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What’s Love Got to Do With It?

Laura Nicolescu, Co-Editor-In-Chief

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Valentine’s Day, prom, spring flutters; indeed, love is the air. High school sweethearts are seen walking the halls, hand in hand, feeling as though nothing matters but each other. However, when does a relationship go from butterflies in your stomach to a feeling of anxiety and dread? Where does love cross the line into obsession and control? And how many of us know the signs?

During the sweetest time of the year, it is important to call attention to the difference between healthy and unhealthy relationships. This week’s Titan Time played a huge role in teaching students the difference and teaching what red flags to look for that might turn your true love into a nightmare.

Student Assistance Coordinator Allene Byroad, the creator of this week’s Titan Time, says in order to have a healthy relationship you must first be healthy yourself.

“I think the first thing you need to ask yourself before getting into a relationship is ‘am I in a good place with myself,'” Byroad said. “If you’ve got issues, whether it’s jealousy or you’re still really hurt from your last relationship, you’re probably not ready to get into something else. It’s hard to enter a relationship and give your best if you’re hurt and angry.”

Part of being in a good place is knowing your boundaries.

“You need to really spending time thinking about what is acceptable for me,?” Byroad said. “What am I going to tolerate? What are my standards? We all deserve to have boundaries that keep us safe and healthy, and we’re worth worth fighting for those.”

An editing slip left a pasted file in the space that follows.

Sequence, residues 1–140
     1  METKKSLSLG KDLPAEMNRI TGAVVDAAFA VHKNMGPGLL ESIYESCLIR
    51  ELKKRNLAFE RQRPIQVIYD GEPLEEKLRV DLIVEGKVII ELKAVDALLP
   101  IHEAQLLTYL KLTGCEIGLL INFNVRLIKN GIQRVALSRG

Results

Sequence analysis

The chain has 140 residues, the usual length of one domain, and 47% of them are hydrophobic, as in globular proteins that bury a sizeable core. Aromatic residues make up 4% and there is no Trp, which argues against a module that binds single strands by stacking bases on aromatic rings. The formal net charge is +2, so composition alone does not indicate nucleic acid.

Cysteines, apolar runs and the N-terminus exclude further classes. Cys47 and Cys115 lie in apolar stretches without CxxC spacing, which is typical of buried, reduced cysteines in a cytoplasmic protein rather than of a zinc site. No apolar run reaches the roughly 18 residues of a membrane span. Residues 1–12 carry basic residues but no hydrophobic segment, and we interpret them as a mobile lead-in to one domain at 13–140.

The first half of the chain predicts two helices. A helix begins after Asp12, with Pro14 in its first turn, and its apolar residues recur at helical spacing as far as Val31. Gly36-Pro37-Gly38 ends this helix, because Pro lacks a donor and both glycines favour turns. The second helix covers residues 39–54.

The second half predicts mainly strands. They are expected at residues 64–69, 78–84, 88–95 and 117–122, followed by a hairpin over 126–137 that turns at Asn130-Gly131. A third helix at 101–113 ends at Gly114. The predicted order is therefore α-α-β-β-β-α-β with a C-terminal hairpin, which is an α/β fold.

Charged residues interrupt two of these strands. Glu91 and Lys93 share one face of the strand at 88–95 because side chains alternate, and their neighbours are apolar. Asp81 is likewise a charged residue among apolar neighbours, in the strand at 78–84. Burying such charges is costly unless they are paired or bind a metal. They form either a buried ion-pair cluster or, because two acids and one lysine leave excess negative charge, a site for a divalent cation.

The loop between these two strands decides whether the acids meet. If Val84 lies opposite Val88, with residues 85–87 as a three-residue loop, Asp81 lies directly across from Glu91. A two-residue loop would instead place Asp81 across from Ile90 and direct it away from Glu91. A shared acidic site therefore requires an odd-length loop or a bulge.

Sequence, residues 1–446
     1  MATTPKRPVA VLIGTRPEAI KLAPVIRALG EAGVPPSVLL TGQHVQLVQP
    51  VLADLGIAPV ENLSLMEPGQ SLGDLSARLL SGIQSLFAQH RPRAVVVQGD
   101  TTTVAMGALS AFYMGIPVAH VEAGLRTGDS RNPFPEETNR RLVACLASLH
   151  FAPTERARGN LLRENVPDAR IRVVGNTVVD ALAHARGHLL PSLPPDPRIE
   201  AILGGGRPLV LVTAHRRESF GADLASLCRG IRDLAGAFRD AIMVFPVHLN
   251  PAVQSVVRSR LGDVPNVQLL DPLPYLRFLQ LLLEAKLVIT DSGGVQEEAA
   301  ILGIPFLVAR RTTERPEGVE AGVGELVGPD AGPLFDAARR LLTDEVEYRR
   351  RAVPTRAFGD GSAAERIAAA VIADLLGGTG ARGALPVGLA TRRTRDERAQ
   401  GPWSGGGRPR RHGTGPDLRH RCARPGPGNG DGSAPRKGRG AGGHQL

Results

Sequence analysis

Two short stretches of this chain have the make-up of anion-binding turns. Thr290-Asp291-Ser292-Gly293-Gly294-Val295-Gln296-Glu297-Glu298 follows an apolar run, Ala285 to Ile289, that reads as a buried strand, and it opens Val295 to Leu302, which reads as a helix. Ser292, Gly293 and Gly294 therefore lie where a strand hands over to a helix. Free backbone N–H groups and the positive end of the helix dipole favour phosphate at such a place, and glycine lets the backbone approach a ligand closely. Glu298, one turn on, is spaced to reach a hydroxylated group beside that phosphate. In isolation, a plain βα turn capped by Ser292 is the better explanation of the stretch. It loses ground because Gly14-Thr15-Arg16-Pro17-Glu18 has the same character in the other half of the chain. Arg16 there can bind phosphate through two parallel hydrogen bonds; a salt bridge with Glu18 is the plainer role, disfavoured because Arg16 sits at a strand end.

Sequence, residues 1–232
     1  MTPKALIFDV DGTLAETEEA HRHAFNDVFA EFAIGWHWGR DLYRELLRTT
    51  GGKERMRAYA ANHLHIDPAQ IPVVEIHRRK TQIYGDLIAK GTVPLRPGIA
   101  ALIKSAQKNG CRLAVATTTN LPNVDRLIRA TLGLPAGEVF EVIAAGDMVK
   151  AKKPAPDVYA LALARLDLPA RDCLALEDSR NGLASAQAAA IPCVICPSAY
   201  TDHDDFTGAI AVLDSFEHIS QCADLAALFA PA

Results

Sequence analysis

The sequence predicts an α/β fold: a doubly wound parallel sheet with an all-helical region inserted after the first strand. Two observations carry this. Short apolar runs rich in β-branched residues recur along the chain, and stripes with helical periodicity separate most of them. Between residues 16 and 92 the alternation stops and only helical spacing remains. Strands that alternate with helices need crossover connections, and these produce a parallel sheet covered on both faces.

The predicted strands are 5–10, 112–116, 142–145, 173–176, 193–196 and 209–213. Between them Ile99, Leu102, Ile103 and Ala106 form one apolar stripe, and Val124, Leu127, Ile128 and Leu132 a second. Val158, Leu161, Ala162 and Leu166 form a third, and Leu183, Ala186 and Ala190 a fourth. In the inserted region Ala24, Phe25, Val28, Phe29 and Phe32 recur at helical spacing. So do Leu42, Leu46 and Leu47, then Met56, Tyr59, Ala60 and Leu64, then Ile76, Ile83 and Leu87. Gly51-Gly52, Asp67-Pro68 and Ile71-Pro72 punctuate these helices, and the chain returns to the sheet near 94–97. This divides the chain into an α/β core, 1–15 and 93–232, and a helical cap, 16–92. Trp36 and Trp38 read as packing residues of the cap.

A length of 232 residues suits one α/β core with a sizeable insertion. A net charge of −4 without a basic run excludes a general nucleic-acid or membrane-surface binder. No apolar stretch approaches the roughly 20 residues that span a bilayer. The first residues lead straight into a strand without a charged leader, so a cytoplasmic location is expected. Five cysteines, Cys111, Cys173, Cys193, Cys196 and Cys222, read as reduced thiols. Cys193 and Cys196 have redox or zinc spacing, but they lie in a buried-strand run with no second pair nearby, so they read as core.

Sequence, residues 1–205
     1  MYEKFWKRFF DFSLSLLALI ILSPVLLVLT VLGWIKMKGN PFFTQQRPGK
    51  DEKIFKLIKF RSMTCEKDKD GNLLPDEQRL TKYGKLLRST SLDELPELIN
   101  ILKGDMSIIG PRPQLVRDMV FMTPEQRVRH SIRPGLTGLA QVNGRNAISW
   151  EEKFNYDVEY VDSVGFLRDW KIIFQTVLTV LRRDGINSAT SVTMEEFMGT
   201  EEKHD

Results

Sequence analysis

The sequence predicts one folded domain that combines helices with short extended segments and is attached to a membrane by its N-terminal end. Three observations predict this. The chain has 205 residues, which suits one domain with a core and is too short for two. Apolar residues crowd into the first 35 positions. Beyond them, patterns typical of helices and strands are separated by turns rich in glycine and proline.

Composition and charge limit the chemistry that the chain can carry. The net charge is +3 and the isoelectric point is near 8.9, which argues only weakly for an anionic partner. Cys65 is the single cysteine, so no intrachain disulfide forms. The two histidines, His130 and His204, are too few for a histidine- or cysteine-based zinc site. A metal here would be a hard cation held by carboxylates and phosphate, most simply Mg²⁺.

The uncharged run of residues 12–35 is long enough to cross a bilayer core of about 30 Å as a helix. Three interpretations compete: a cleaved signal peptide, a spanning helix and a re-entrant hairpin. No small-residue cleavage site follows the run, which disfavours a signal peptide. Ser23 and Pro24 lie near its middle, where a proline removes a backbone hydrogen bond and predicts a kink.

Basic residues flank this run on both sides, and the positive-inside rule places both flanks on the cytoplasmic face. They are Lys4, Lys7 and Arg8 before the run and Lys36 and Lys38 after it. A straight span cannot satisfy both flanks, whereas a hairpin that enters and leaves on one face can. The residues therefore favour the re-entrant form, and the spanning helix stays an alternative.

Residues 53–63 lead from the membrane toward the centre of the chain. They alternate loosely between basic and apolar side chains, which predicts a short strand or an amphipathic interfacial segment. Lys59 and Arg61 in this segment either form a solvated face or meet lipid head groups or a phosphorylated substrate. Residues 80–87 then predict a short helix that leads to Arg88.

Byroad says she sees a lot of students have a mentality of “I have to have a boyfriend or girlfriend,” and because of it, are willing to tolerate more, something she says is the wrong approach.

“You need to get yourself off the clearance rack and put yourself behind glass where the precious things are and say this is where I belong,” Byroad said. “We almost have to teach people how we want to be treated, and only then we can enter into this ‘I’m ok, how can I help you be the best? How can I support you? How can we grow from each other but still maintain ourselves?’ And that’s the key.”  

Rather than growing from each other, on the other hand, signs of an unhealthy relationship include put-downs, obsessive control, anger, disrespect, and isolation from friends or family, to name a few.

“The most prominent sign of a bad relationship we tend to hear in high school is control,” Byroad said. “‘Give me your cell phone password, let me check and see who you’re texting, who were you walking down the halls with, who were you talking to.’That ‘I have to know what you’re doing,’ and that is so unhealthy. And really it comes from a place of ‘I’m really not ok with me.’ If I have to be that controlling to you, that means I don’t trust you. So either I need to end it because you’re doing something that I can’t trust, or I have trust issues myself.”

A good relationship, on the other hand, should involve honesty.

“A healthy relationship should look like ‘ I going to believe the best in you unless you prove otherwise,’” Byroad said. “It’s two people who are not only in a good place themselves but they are supportive of each other. And rather than ‘what can you give me’ it’s ‘how can I help you be the best you can be.’”

Byroad says there are many causes of unhealthy relationships, including TV, social media, and a lack of role models with healthy partnerships.

“In society and in entertainment, we see all kinds of physical, mental, emotional and sexual violence,” Byroad said. “And for some of us, we maybe haven’t seen it growing up, or we haven’t had the kind of discussions with people we needed to have. I don’t think there has been this ‘this is how we should treat one another, this is not acceptable, this is a red flag, you don’t have to put up with this and you shouldn’t.’ It needs to be addressed.”

The multitude of unhealthy relationships extends beyond high school into college, and it is this feeling of being thrown into a completely different world that is another cause of the abuse.

 “So many teenagers go off on their own, go off to college, go off and get a job, and they’re sort of thrown into this new world and want to be a part,” Byroad said. “They want to find new friends, they want to be popular, but they’re thrown into all of this and they’re trying to find their way. And if they don’t have a good foundation of who they are, it’s very easy to get involved in a situation where you don’t know how to get out.”